Intel EOLs Atom Chip Used for Microsoft HoloLensby Anton Shilov on August 10, 2017 1:00 PM EST
Intel is retiring its Atom x5-Z8100P SoC that is used inside Microsoft’s HoloLens augmented reality headset. With the last units shipped in late October, it looks like the software giant is on track with its next-generation HoloLens that is due to arrive in the coming quarters.
Intel asks its customers to place their final orders on the Atom x5-Z8100P SoC (belonging to the Cherry Trail family) by September 30 and says that the final shipments will be made on October 30. Given the fact that Intel seems to have only one customer using the microprocessor, the short amount of time between the announcement of the product discontinuance and the actual EOL was probably negotiated before. Moreover, since we are talking about a semi-custom chip, Microsoft was probably the initiator of the EOL, which indicates that the company is on track with its next-gen HoloLens.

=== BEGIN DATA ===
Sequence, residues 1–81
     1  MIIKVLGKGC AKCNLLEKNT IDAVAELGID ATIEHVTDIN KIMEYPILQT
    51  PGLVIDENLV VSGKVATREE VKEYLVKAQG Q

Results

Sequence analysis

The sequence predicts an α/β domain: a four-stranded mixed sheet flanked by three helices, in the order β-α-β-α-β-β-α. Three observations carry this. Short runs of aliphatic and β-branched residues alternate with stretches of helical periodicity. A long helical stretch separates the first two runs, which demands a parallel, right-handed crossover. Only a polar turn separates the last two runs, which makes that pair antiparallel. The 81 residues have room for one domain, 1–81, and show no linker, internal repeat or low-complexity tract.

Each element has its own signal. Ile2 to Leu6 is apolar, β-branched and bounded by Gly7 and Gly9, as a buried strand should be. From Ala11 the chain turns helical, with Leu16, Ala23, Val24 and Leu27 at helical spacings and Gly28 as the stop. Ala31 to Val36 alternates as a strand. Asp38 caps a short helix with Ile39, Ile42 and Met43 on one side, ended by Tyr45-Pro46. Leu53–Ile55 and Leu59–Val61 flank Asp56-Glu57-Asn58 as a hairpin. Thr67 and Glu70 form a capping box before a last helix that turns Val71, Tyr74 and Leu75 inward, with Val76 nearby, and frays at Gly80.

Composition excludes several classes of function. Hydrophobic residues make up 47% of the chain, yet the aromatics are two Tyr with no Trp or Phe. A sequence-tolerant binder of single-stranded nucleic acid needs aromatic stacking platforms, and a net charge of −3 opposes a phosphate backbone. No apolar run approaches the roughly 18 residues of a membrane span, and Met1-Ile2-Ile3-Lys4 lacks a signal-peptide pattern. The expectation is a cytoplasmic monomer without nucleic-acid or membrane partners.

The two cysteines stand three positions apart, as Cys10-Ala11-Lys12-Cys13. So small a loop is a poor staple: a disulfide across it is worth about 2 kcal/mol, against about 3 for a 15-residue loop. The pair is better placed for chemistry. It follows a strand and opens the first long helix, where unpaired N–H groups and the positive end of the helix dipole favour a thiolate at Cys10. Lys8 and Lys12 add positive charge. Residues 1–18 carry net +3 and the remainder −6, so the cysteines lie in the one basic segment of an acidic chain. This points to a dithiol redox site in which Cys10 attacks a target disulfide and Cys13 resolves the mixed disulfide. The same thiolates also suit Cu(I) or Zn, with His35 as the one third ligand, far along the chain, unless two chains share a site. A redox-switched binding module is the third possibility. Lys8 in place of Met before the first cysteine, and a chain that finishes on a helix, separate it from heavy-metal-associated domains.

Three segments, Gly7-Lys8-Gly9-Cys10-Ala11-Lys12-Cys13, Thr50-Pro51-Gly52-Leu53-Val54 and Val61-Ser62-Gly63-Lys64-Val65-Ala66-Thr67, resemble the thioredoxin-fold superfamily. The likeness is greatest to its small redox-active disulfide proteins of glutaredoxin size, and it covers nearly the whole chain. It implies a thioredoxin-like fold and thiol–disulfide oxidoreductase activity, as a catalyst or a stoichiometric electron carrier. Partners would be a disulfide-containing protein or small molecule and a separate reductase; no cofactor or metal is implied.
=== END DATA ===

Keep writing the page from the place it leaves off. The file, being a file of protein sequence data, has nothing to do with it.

The current-generation Microsoft HoloLens wearable augmented reality PC was released in 2016 and is based on Intel’s Atom x5-Z8100P SoC as well as a custom-designed Microsoft holographic processing unit (HPU) that processes data from various sensors. The HoloLens is equipped with over a dozen of sensors, including a 2 MP video camera, an inertial measurement unit (which means, a set of accelerometers, gyroscopes and maybe even a magnetometer), one depth camera, four environment understanding cameras, four microphones, an ambient light sensor as well as mixed reality capture IC.
The next-generation Microsoft HoloLens will be different compared to the existing augmented reality platform, Microsoft revealed recently. While the device will run Windows 10 and will be equipped with an HPU, it will also feature an AI co-processor integrated into the latter that will use neural networks to enable object and voice recognition skills without the need for an Internet connection. The HPU 2.0 with the programmable AI co-processor will be a self-sufficient device that will run on battery power of the next HoloLens (hence, its power consumption will not be too high). The HPU 2.0 and the AI co-processor were designed entirely in-house and therefore are tailored for usage model of the HoloLens. Given the differences in architecture of the HoloLens Next compared to the existing model, it remains to be seen what kind of CPU Microsoft decides to use for it.
Microsoft demonstrated “an early spin of the second version of the HPU” running live code implementing hand segmentation at CVPR in late July. Therefore, while the chip is functional, it does not seem that the HoloLens Next is just around the corner and it is logical to expect it sometimes in 2018 or even in 2019.